The quickest divorce process afforded under Tennessee law is sixty days. This scenario is only available to parties that have no-fault grounds for divorce, no minor children, and are willing to file an uncontested divorce.

A ninety-day-minimum requirement is afforded to no-fault divorces with children when there are no contested issues. Parties that seek a ninety-day divorce are required to agree upon custody arrangements, division of property, and any child support orders, mutually and uncontested.

After a divorce is finalized, parties are free to remarry. Although no minimum wait period is required, parties are often advised to wait for at least thirty days before entering into a new marriage.

Changing Your Legal Name After Divorce

Quite often, women change their last names when they marry. After a divorce is finalized, they can request the restoration of their maiden name. These requests are generally not denied. Parties can request their names to be changed during the divorce proceedings or by filing a separate petition after the divorce is finalized via a “Petition for Change of Name.”

Once a name change is granted, the woman is required to go to their local social security office with the order granting the name change or the divorce decree to update it.

Changing Your Child’s Last Name After Divorce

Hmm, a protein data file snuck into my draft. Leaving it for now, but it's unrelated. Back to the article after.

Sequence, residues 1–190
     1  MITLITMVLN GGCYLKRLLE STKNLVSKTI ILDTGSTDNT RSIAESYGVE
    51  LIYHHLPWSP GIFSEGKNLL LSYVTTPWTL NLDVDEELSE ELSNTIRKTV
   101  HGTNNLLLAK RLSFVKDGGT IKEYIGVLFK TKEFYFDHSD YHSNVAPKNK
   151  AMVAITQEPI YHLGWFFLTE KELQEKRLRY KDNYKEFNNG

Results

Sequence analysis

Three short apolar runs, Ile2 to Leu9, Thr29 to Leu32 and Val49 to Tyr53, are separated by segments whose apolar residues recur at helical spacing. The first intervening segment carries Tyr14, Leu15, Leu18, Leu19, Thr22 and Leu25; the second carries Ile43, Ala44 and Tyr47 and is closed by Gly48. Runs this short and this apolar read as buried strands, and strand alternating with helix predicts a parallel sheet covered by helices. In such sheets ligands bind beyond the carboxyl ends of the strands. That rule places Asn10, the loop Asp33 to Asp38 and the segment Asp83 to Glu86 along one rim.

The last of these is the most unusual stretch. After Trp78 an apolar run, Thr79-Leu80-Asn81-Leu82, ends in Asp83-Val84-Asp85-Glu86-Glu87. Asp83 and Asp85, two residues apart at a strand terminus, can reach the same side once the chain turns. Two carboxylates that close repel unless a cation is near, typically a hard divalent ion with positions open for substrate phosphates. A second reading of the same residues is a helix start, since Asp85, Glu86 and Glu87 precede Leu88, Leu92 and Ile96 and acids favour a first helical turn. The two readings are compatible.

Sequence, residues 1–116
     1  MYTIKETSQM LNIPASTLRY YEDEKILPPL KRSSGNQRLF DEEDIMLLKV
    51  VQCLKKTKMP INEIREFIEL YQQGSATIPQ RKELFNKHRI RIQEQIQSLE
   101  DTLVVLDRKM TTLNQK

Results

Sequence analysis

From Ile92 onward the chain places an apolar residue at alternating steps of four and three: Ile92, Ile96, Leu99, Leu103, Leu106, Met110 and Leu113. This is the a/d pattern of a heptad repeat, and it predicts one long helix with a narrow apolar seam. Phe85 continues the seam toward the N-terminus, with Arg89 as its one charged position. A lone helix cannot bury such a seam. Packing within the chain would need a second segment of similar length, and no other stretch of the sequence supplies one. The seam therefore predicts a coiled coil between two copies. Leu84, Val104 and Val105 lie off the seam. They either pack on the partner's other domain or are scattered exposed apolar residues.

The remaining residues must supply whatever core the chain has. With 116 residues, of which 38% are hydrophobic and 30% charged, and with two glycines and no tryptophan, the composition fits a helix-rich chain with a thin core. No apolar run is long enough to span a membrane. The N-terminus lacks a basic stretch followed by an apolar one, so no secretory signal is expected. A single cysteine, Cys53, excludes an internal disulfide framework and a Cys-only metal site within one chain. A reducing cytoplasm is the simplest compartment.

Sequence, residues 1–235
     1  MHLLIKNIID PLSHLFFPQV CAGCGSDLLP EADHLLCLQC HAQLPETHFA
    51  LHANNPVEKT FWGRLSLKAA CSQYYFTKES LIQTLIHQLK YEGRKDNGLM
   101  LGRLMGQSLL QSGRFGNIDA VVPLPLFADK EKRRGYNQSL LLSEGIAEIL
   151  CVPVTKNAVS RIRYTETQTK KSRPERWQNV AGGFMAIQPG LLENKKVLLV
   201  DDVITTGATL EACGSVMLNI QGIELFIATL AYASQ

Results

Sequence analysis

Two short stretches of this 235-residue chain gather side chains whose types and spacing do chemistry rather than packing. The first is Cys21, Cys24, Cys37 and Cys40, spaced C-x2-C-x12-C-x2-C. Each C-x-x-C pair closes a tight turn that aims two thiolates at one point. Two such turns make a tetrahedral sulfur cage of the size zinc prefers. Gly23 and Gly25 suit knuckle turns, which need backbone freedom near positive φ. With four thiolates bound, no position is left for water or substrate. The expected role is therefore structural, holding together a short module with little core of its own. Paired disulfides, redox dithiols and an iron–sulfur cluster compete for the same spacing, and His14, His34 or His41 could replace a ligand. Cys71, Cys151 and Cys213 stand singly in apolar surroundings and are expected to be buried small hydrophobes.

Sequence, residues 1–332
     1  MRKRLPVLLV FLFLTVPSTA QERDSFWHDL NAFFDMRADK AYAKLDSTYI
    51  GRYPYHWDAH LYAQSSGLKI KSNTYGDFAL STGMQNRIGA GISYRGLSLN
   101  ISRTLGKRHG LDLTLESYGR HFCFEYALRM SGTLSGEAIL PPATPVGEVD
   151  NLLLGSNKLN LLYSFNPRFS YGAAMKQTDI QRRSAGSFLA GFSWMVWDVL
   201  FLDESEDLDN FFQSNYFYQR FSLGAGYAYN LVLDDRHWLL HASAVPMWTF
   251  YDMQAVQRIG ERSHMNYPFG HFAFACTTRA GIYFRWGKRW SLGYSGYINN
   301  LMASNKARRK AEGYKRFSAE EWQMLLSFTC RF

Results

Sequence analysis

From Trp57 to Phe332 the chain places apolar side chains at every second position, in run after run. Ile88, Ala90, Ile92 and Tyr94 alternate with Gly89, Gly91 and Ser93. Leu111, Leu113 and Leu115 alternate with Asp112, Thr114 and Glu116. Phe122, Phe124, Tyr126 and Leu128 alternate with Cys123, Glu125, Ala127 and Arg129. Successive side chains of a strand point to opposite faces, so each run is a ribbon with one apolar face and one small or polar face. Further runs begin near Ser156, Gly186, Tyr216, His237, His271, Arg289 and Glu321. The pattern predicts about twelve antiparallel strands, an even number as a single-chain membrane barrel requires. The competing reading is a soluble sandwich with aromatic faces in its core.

A parent is entitled to file a petition to change their child’s last name after a divorce is finalized. These petitions are not generally granted unless the petition clearly demonstrates that changing the child’s last name is in the child’s best interest.

Hiring A Divorce Attorney Will Help You With Your Case

Divorces are often overwhelming and include intricate details that make your head spin. It is imperative that each aspect of the divorce is addressed fully and entirely during the initial filing. Failure to address the division of any property, custody rights and visitation, as well as alimony and child support can have a detrimental impact on your ability to request or obtain these at a later time.

In order to protect all of the rights afforded to you under Tennessee law, it is very important that you work with an experienced divorce attorney. At Griffin & Davis, PLLC, we diligently work to provide our clients with the best service imaginable during every step of their divorce. Do not let the complicated legal system hold you back from a successful divorce process.  We directly service Sparta, Kingston, Crossville, and Cookeville with offices in each.  We also handle matters in the surrounding regions. Contact our law firm today at 931-837-2050 or 865-354-3333 to get started with your divorce.